5. 5. Critical Thinking Standards• Students should become familiar with the basic intellectual standards discussed in the text and understand their relevance to critical thinking. – Students should be able to identify and explain some of the most central intellectual standards of Critical Thinking including, but not necessarily limited to the following: • Critical thinkers strive for clarity in both language and thought. To this end, students should . . . – understand the importance of clarity in avoiding miscommunication. – understand the importance of clarity in defining our goals and priorities. – understand the importance of clarity in assessing our talents and abilities. • Critical thinkers strive toward precision in the evaluation of issues. To this end, students should . . . – habitually demand precise answers to precise questions. • Critical thinking demands that one pursue accurate information pertinent to issues. To this end, students should . . . – recognize the importance of accurate and timely information to making good decisions. • Critical thinkers demand that evidence be relevant to any conclusions drawn from it. • Critical thinkers strive for consistency. To this end, students should . . . – be able to recognize when beliefs or claims are logically inconsistent. – be able to recognize instances of practical inconsistency and distinguish these from instances of logical inconsistency. • Critical thinkers strive to be logically correct. To this end, students should . . . – understand the importance of reasoning from your beliefs to conclusions that logically follow from them. • Critical thinkers strive for completeness in understanding an issue. • Critical thinkers strive toward fairness. To this end, students should . . . – understand the importance of being open-minded to the views that may contrast with your own. – understand the importance of impartiality and avoiding distorting biases and other preconceptions.
  6. 6. The Benefits of Critical Thinking• Students should be aware of the benefits of critical thinking for the both thinker and society. To this end, students should . . . – understand how critical thinking can improve your academic performance by developing the following skills: • understanding the arguments and beliefs of others • critically evaluating those arguments and beliefs • developing and defending ones own well-supported arguments and beliefs – understand how critical thinking skills can improve your performance in the workplace – grasp the value of critical thinking in daily life. • Critical thinking helps us to avoid making foolish personal decisions. • Critical thinking promotes an informed and concerned citizenry capable of making good decisions on important social, political and economic issues. • Critical thinking aids in the development of autonomous thinkers capable of examining their assumptions, dogmas, and prejudices.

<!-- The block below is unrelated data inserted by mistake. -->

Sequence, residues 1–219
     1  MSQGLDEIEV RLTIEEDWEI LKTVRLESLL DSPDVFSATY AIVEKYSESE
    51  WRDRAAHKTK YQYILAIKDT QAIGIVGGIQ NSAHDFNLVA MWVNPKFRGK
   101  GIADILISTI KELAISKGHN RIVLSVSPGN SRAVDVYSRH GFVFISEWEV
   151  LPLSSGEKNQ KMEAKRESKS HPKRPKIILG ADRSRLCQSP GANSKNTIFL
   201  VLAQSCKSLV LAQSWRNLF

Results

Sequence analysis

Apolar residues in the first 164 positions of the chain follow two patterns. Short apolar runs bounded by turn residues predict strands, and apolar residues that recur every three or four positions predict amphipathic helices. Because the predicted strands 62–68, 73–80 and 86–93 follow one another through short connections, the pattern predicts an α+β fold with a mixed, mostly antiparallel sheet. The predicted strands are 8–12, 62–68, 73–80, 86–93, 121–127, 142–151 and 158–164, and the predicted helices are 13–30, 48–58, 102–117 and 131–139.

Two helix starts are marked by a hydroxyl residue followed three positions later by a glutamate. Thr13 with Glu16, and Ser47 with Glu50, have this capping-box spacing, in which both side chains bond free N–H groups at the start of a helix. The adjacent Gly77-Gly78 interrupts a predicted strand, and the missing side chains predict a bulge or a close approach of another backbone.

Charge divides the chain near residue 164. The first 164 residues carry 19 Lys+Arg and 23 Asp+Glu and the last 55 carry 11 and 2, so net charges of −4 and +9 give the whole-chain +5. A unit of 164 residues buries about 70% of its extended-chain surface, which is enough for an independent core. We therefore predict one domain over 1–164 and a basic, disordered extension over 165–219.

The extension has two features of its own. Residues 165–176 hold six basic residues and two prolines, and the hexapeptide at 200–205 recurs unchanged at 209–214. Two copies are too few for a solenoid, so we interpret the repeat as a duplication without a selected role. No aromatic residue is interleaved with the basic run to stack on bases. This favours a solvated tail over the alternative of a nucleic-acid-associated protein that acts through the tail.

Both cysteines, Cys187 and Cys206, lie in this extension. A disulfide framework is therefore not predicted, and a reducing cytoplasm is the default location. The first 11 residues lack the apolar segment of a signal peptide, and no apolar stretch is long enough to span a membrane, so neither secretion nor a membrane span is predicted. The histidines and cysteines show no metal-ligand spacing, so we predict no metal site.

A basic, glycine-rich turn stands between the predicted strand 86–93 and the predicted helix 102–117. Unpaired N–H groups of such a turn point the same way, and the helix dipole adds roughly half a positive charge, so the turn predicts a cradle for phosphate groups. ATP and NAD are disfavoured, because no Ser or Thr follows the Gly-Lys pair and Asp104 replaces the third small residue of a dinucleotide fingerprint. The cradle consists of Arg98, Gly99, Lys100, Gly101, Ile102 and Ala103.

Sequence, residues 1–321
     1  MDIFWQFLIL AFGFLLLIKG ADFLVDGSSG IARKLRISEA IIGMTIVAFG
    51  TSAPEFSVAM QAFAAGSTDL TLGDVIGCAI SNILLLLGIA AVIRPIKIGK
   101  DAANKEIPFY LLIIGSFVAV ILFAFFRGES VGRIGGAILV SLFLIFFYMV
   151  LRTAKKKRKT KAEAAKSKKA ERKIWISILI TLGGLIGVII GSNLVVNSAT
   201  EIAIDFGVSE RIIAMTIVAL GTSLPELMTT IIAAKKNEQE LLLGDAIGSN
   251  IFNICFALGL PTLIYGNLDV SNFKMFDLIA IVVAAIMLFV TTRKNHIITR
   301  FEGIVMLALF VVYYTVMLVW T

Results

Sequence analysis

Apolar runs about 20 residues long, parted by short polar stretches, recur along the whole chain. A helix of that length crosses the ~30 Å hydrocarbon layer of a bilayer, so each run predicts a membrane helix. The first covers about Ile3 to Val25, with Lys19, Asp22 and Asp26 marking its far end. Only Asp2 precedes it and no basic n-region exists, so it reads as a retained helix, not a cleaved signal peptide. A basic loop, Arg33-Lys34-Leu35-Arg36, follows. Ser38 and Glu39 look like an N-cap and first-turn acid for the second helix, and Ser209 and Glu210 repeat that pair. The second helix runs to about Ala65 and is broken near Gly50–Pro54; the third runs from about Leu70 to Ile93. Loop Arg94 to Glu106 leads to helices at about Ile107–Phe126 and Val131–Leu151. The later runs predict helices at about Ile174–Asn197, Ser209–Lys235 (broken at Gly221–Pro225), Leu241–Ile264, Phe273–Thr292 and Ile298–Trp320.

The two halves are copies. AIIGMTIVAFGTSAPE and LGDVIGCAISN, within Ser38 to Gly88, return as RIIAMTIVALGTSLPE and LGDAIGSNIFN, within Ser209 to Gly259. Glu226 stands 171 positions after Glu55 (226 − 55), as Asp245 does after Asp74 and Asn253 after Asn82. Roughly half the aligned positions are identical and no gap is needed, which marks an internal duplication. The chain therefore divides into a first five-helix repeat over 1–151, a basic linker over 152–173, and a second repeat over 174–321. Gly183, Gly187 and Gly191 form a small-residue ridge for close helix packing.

7. 7. Barriers to Critical Thinking• You should understand the complex reasons why uncritical reasoning is so common. – You should be aware of the risks to fair-minded thinking posed by egocentrism as well as . . • recognize the impact of self-interested thinking on our thinking. • understand the peril of self-serving bias. – Students should recognize the hazards of sociocentrism as well as . . . • grasp the danger posed by group bias. • understand the risks associated with the herd instinct and conformism. – You should understand the role which assumptions play in our thinking as well as. . . • distinguish between assumptions that are warranted, i.e. ones we have good reasons to believe, and assumptions that are unwarranted, i.e. ones we take for granted without good reason. To this end, we should be especially careful to . . . – recognize our tendency to stereotype; • understand the importance of becoming conscious of those assumptions we rely upon in forming our more important attitudes, conclusions, actions and decisions. – You should recognize the difficulties posed by relativism in our thinking while . . . • distinguishing between subjectivism, or the view that truth is a matter of individual opinion, and cultural relativism, or the view that what is true for a person depends on what their society believes to be true. To this end, students should be familiar with, and recognize the major pitfalls of, the most common forms of relativism, including . . . – moral subjectivism and cultural moral relativism. – Successful students will understand the risks posed by wishful thinking, or believing something solely on the grounds that one wishes it were true.
  8. 8. Characteristics of a Critical Thinker Students should be familiar with the fundamental character traits of critical thinkers and how they contrast with those of uncritical thinkers.